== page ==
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G330(P) The introduction of a regular prescribing audit and training session for paediatric doctors
  1. S Ghazal,
  2. E Bayles,
  3. B Shillitoe,
  4. G Nyamgunduru
  1. Paediatric Department, University Hospital of North Durham, Durham, UK


Background A recent UK study showed that the prevalence of medication errors in children could be as high as 13.2% compared to a previously documented range of 2–14%. To tackle this, a pharmacist led session for all new junior doctors rotating into paediatrics was instigated in a DGH to raise awareness of the issues associated with prescribing in children.

Aim To implement prescribing audit and training sessions to all grade of paediatric medical staff.

Method To further evaluate and enhance the impact of the induction training, an audit was developed based upon the Trust Medicines Management ten prescribing standards. All doctors in attendance at a regular training meeting were split into two groups, each with a mix of grade of staff. Each group evaluated five drug charts taken from the inpatient ward, against the Trust standards. Results were fed back immediately using computer software with time for reflection and discussion followed by a presentation regarding the implications of poor prescribing. Feedback was sought from participants following the session. The audit was carried out twice during the junior rotation, to identify improvements and concerns.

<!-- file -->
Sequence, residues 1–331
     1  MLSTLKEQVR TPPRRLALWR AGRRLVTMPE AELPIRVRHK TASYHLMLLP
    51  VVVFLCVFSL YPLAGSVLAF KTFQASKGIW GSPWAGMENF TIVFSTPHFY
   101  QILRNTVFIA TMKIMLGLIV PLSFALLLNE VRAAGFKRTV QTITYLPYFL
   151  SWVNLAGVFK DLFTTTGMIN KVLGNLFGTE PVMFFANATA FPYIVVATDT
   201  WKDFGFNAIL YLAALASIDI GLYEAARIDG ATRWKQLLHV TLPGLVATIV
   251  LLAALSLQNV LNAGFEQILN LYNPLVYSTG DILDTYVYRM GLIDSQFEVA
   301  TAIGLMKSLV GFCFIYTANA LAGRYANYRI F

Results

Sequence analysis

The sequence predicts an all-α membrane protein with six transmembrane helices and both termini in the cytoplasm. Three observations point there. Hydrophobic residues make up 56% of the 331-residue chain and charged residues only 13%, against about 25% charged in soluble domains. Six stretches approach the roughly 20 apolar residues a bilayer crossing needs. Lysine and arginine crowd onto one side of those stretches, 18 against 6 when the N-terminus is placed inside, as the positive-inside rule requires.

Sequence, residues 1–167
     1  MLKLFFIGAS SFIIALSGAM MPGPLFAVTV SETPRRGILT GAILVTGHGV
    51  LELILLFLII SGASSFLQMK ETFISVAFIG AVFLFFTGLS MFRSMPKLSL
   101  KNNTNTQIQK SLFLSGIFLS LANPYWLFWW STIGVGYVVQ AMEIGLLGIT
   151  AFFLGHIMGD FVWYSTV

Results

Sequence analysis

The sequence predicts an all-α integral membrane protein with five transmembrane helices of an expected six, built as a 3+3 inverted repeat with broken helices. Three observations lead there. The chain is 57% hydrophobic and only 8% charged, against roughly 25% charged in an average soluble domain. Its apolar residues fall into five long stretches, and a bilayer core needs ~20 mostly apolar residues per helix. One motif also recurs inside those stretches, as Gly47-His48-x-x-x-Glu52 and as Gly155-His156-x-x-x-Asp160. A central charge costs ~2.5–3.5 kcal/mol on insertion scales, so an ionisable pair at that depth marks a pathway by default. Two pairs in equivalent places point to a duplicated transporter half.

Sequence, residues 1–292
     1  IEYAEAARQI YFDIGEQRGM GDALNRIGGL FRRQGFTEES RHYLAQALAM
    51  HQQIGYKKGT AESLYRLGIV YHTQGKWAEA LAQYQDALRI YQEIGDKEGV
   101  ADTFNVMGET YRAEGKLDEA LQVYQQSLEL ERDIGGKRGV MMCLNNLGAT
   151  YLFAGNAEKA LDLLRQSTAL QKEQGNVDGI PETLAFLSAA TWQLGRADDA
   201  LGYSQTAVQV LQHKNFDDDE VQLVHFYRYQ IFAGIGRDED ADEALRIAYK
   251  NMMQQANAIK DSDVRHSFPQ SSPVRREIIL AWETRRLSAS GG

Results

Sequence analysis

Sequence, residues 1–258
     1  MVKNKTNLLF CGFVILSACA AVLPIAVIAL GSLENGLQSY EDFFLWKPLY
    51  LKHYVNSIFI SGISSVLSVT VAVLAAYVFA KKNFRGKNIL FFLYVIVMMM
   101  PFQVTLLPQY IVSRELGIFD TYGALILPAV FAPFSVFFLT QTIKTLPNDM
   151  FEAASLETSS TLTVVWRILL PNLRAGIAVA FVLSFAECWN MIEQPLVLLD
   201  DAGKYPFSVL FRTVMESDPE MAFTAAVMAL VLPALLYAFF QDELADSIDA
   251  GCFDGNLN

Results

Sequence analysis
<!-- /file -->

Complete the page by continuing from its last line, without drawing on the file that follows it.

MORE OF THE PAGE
Results A total of 22 doctors attended the sessions. Adherence to the overall standards improved from 58 in the 1st session to 72% in the 2nd. An improvement was seen in six standards, compliance maintained in two and a fall in compliance noted in two standards. A further re-audit over a three week period found an improvement in these two deteriorated standards, with an overall adherence of 90%. Feedback from the sessions was very positive with a suggestion for other audits to be carried out in a similar format. A three week audit at another paediatric unit within the same Trust where no similar training sessions were performed found adherence to the standards of 70%.

Conclusion The introduction of a programme which utilised the prescribers themselves enabled a level of engagement and a greater understanding of the standards required. A significant improvement in prescribing was noted over the period of assessment which, following repeated sessions, is expected to be maintained.

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